But it's still SCHOOL. Why is it that even when it's interesting and meaningful and you're glad you're doing it, you still don't really WANT to be doing it? It's all about trying to get it done so you don't have to think about it anymore. I'm already almost halfway through (thank goodness) but I am still really looking forward to the part where I'll be TOTALLY through and be able to call my weekends and evenings my own again. The thing I always hated most about school was the part where even if you weren't ACTUALLY working, you had a little niggling feeling in the back of your mind like you SHOULD be working, and that took away from your ability to enjoy the rest of your life.

I know that every grad student feels this way (and most other students too), but it's annoying. Grad school is great! It's interesting and compelling and way better than I was expecting it to be and I'm so glad I'm doing it. And yet I want it to be over! I AM A MESS.

But hey, at least I'm an extremely educated mess. Or getting there, anyway.


  1. Since I started working at a university again I've been looking at the masters programs because, seriously, I should - it's free. But UGH. I have no interest.

    I could do the Master's in Nonprofit Administration but i've be a nonprofit administrator for 15 years and the courses seem totally redundant as I've done almost all those things in my professional career. So then theres the MBA, which I have zero interest in but has become the new bachelors and that kind of pisses me off. But my school has a well-recogniozed program in the region so I feel that might be a better investment of my time. But UGH classes in Business Statistics and Ethical Decision Making sound so dull.

    Needless to say, the time factor with 2 kids and a full time job is something too. But I still think I should do it. Just not yet sure what path to take.

  2. I like the IDEA of grad school, but I know, at this point in my life anyway, it would kill me. And my family. And all it would really amount to is another loan to pay off! I kind of think that if grad school happens for me, it'll be when I'm 40 or 50 and then I'll just have to be one of those Cool Older Ladies all the whippersnappers can't figure out. I am SO IMPRESSED with what you're able to pull off. Halfway done already! Amazing. Good for you!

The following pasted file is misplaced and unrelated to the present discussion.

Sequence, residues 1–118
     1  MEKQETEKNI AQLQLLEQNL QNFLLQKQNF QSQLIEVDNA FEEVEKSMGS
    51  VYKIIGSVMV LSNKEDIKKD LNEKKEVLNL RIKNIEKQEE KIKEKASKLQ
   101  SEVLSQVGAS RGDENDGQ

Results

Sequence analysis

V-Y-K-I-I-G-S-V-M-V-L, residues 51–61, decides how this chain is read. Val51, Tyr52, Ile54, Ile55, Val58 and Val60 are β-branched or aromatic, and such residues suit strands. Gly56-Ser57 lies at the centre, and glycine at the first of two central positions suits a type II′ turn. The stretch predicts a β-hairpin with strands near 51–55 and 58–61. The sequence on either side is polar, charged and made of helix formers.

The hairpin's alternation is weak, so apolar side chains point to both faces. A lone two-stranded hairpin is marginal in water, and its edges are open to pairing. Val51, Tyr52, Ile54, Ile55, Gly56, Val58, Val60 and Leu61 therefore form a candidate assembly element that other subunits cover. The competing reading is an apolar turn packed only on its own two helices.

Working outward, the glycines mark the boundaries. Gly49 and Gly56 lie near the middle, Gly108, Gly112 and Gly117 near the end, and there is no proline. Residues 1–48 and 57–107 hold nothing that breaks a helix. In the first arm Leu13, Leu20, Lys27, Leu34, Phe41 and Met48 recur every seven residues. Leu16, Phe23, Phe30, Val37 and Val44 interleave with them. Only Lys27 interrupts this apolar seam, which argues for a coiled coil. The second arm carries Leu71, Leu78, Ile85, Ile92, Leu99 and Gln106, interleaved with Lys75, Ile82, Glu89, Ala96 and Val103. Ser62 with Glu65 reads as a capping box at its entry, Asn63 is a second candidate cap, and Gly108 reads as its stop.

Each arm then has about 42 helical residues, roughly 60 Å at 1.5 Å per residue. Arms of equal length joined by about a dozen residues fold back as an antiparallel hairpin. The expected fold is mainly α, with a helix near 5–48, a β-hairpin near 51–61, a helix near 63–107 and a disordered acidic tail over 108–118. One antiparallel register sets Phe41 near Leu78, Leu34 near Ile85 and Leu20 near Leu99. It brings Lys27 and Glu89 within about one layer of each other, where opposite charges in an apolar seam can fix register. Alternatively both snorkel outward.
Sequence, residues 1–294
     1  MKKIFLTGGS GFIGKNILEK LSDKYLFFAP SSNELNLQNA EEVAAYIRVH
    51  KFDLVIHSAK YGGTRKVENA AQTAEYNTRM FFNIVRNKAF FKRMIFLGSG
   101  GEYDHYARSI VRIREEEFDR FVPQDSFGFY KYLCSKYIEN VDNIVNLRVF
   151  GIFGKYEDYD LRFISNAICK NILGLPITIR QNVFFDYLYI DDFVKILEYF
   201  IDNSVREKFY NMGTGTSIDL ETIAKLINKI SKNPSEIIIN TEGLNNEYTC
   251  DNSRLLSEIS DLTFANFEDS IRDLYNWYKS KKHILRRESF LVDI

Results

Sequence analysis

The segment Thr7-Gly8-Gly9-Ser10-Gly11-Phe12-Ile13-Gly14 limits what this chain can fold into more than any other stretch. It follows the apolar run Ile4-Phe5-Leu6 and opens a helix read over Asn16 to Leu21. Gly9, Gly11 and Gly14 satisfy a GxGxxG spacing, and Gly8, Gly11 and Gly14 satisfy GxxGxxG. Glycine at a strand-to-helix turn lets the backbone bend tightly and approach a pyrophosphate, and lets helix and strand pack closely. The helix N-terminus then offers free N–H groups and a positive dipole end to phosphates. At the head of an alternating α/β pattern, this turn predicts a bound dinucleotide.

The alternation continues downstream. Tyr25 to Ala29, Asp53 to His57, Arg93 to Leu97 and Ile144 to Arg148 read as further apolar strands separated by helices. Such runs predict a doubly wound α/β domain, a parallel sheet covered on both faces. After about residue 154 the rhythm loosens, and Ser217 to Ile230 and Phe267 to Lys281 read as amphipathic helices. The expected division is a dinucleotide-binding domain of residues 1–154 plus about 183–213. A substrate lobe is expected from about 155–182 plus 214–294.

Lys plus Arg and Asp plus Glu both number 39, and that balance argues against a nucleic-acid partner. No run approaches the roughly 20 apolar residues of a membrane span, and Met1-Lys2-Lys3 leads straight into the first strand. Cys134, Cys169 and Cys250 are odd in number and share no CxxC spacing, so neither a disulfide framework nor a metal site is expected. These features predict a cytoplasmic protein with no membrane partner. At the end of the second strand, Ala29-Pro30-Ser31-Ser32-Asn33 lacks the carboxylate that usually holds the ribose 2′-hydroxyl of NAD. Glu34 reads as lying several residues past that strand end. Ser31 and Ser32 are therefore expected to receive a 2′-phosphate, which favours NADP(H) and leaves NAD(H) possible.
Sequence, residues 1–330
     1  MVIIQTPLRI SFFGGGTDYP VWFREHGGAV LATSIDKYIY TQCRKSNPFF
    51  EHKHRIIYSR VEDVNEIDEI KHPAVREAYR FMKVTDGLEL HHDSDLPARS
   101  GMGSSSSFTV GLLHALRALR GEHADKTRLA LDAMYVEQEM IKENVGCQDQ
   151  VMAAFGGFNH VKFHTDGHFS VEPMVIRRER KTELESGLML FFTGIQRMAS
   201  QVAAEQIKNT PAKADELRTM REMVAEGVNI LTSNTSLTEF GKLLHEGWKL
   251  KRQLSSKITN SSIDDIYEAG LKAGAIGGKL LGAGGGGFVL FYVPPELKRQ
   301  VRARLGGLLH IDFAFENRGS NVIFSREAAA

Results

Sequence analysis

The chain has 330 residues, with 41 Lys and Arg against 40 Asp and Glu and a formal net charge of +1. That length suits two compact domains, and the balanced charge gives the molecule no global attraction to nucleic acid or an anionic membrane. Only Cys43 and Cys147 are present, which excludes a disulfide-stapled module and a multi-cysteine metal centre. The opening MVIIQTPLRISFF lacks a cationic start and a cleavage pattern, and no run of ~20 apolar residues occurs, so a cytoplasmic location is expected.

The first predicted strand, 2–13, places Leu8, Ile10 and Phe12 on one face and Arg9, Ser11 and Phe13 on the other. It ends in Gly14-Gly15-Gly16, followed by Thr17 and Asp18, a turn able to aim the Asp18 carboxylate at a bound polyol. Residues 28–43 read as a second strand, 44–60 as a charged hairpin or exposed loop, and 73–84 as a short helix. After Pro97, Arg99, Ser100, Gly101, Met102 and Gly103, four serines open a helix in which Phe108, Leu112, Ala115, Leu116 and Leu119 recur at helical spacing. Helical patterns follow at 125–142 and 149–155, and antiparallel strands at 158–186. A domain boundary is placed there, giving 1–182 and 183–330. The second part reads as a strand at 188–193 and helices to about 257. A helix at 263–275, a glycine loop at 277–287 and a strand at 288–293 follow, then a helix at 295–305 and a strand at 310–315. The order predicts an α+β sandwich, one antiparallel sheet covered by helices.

3. I have lots of thoughts about grad school, but I'll just pick one thread. I went straight into it after undergrad, which I have mixed feelings about. On the one hand, it's easier - I was already in the zone with studying etc., I didn't have to make any hard choices about leaving a job or working while completing the program, and I didn't have a family to worry about balancing my time. BUT. I was (am?) a KID. I wasn't sure about what I chose, I wasn't sure what I wanted to do with it, and I think that made the coursework and research a LOT harder. I had one foot out the door the entire way through my program (PhD in toxicology).

    Now, with some distance, I think that the best grad students (and some of the very best scientists, at least) are the ones who wait a bit. They are so often more articulate, more passionate, and more capable. So hooray for you!

    Also, I wish all humans (scientists and otherwise) had to take a very basic epidemiology course, so that we could all stop losing sleep about poorly interpreted science.

  4. One of the best bits of advice I've received on graduate school was to only go if someone else paid for it. I got my MBA immediately after my BA in English Lit because I scored an awesome Graduate Assistantship that covered my tuition and fees AND gave me a stipend. Yes, I had zero experience, and that was a bit of an issue when I graduated and had to find a real job, but I still defend that it was a savy business decision. Now, three years later, I would love to go back to school again but I have no clue what would benefit me in my career and the shakiness of a contracted position makes me afraid to start something I couldn't finish. I refuse to pay out of pocket for higher education.

  5. That niggling feeling is why I haven't kept taking classes all the time. I LOVE college. My masters classes were great. But even just the relentlessness of it being every single week got to me.